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and the Uses of Tannins in Chinese Medicine

by Subhuti Dharmananda, Ph.D., Director, Institute for Traditional Medicine, Portland, Oregon

Chinese gall, also referred to as Chinese gallnuts (or nutgalls), is a plant excretion produced when irritants are released by the larvae of gall insects, such as those of the Cynipidae family, the gall wasps. A major commercial source of medicinal gallnuts is oak trees, which yield the Chinese herb moshizi, but a similar material is found on Chinese sumac (Rhus species), produced by the activities of a type of aphid; these galls are called wubeizi by Chinese herbalists. The plant secretes the liquid gall, comprised mainly of tannins, that hardens to become the "nut." Gallnuts are a native product of China and Southeast Asia, but are also produced in small amounts in Turkey, India, Japan, and Korea. The annual yield of gallnuts in China is about 95% of the total world yield. Guizhou and Yunnan are the biggest gallnut-producing areas in China

Sumac gall     Sumac gall     Oak gall

Sumac     Sumac gall     Oak gall
Oak galls are shown in the upper right photo; the other pictures are sumac and its galls.

Gallnuts from oak and sumac contain the highest naturally occurring level of tannin (gallotannin): 50-75%. They also contain 2-4% each of the smaller molecules gallic acid and ellagic acid (see structures next page) that are polymerized to make tannins. The tannin of gallnuts has been used for centuries for tanning of leather (a process involving coagulating proteins). Now, gallnut extracts are widely used in pharmaceuticals, food and feed additives, dyes, inks, and metallurgy. Gallotannin (comprised of molecules of gallic acid attached to a central glucose) is obtained from natural gallnuts by extraction with hot water; gallic acid is obtained by the hydrolysis of tannic acid with sulfuric acid. When heated above 220C, gallic acid loses carbon dioxide to form pyrogallol; other chemicals in demand, such as propyl gallate, octyl gallate, dodecyl gallate, syringic acid, and trimethoxybenzoic acid, can all be made from gallnuts.

There are additional sources of these desired components. Since 1989, Chinese manufacturers of gallnut products began using tara (spiny sappan; Caesalpinia spinosa) imported from Peru for production of gallic acid. While sappan heartwood (from Caesalpinia sappan) is used in Chinese medicine as a blood vitalizer, tara is an extract from the fruits pods of the related C. spinosa. The tannin concentration is high in the pods; a typical analysis is: gallotannin 53.1%, gallic acid 9.5%, ellagitannin 6.9%. The shift to use of tara resulted from over-collection of gallnuts in China leading to a high price for them. But, this shift to alternative sources of tannins led to a recovery of gallnut supplies and their reduction in price and restoration as major market items; in addition, Caealpinia spinosa was also cultivated in Southwest China (e.g., Yunnan Province), reducing the need for imports from Peru. Other major sources of tannins are chestnut, mimosa, quebracho, valonea, and myrobalans (fruits and twigs).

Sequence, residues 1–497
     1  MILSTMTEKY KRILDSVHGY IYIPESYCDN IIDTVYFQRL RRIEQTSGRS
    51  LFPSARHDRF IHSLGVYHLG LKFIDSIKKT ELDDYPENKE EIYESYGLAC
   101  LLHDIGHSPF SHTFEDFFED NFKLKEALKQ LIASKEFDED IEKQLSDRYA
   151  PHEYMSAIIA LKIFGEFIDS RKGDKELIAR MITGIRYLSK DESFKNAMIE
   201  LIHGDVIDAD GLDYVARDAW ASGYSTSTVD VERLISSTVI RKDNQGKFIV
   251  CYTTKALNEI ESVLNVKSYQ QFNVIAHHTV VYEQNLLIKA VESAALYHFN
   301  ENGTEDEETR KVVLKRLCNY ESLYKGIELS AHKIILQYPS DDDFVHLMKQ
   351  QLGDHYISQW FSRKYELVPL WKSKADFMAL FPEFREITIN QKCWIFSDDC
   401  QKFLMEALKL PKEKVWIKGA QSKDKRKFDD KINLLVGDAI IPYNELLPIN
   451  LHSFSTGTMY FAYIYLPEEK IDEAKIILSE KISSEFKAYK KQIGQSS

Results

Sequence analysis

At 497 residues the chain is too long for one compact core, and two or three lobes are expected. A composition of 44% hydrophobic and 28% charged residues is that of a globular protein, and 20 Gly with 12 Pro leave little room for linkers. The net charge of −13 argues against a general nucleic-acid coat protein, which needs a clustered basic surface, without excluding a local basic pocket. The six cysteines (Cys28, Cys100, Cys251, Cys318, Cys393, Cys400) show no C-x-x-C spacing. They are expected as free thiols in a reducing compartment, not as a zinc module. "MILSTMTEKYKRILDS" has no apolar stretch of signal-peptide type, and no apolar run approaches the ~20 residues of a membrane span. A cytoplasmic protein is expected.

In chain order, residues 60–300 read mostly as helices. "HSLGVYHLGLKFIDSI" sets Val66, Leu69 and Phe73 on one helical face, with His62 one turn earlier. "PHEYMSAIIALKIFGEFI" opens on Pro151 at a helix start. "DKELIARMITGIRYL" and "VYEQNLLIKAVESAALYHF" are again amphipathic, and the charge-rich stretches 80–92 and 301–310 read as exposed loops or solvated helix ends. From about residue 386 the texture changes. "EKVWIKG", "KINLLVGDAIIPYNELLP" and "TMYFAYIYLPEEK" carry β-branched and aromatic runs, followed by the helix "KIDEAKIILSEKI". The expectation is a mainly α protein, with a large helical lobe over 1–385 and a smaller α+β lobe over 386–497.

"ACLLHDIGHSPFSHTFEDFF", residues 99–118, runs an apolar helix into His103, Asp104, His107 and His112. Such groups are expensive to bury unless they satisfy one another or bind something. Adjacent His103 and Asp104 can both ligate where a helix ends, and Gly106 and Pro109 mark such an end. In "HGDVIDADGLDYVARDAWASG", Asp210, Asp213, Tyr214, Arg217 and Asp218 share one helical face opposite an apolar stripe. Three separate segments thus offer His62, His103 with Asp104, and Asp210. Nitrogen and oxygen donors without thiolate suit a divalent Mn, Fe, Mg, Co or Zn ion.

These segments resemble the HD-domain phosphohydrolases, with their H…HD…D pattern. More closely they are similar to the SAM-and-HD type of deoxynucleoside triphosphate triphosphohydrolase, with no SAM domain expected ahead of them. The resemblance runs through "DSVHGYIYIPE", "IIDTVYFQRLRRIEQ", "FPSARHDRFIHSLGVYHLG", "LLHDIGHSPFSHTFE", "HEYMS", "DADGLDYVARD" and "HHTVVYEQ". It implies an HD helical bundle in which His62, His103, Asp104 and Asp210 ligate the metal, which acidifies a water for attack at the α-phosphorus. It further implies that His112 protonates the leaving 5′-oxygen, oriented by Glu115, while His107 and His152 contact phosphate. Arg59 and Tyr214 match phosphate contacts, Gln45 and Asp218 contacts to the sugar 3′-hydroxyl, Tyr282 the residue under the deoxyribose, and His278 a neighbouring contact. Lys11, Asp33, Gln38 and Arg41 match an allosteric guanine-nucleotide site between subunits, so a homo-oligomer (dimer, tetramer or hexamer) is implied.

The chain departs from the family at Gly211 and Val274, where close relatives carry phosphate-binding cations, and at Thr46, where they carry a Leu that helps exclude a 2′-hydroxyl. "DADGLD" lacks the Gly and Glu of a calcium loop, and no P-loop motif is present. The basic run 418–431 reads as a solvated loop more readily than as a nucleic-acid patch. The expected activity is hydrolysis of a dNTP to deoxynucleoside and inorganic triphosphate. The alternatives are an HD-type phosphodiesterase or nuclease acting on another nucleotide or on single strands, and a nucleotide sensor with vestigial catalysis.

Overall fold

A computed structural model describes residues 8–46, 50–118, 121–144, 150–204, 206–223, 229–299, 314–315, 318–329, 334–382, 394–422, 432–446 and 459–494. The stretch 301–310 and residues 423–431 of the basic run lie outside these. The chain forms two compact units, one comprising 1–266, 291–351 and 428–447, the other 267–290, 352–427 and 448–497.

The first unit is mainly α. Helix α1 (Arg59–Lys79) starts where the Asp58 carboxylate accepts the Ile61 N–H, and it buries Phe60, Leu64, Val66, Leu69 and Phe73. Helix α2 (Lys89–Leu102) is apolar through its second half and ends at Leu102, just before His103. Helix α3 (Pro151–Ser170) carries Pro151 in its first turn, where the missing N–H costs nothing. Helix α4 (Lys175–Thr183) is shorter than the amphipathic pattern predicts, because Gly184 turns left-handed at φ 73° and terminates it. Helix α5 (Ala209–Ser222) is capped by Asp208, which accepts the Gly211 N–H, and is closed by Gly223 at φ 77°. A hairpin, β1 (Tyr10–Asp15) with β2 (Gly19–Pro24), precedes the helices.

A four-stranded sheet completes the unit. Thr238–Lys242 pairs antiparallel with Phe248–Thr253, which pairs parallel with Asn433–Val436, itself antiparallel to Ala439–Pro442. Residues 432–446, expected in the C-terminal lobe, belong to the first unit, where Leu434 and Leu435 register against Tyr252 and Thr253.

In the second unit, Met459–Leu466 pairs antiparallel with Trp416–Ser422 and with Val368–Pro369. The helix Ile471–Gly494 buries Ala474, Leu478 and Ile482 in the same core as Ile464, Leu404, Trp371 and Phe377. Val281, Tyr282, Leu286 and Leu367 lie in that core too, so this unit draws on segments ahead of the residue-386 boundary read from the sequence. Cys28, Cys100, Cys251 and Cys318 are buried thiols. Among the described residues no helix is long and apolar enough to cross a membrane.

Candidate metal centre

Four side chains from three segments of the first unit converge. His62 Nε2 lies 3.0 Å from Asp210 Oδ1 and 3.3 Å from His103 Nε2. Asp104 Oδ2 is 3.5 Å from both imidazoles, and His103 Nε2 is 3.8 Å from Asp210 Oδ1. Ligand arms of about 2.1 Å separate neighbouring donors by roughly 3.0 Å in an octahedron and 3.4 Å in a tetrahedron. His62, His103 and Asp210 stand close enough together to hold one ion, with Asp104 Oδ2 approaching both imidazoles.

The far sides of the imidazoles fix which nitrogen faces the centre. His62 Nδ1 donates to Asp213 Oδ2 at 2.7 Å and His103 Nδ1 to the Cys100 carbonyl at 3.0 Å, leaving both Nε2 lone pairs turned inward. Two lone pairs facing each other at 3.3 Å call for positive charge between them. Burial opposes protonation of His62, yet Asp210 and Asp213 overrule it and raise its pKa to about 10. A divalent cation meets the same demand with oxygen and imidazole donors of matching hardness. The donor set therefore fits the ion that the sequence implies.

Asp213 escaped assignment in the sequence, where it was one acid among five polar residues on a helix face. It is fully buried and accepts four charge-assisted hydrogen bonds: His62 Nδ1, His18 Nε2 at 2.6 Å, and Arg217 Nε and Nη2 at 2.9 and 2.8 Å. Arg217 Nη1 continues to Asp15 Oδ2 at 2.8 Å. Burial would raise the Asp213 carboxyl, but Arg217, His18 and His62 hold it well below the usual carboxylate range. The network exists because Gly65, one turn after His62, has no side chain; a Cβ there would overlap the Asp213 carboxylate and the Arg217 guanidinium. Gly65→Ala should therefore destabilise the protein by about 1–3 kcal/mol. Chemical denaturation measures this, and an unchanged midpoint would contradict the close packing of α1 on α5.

Tannins comprise a large group of natural products widely distributed in the plant kingdom. They have a great structural diversity, but are usually divided into two basic groups: the hydrolyzable type and the condensed type. Hydrolyzable tannins include the commonly-occurring gallic acid and the ellagic acid.

Gallic acid (left) and Ellagic acid (right)
Gallic acid (left)           Ellagic acid (right)

As their name infers, hydrolyzable tannins are readily degraded into smaller molecules. Hydrolyzable tannins are present in many different plant species but are found in particularly high concentrations in nutgalls growing on Rhus semialata (Chinese and Korean gallotannins) and Quercus infectoria (Turkish and Chinese gallotannins), the seedpods of Caesalpinia spinosa (Tara tannins), and the fruits of Terminalia chebula. The hydrolyzable tannins react with proteins to produce the typical tanning effect; medicinally, this is important for treatment of inflamed or ulcerated tissues. They also contribute most of the astringent quality that is noted when drinking tannin-containing beverages.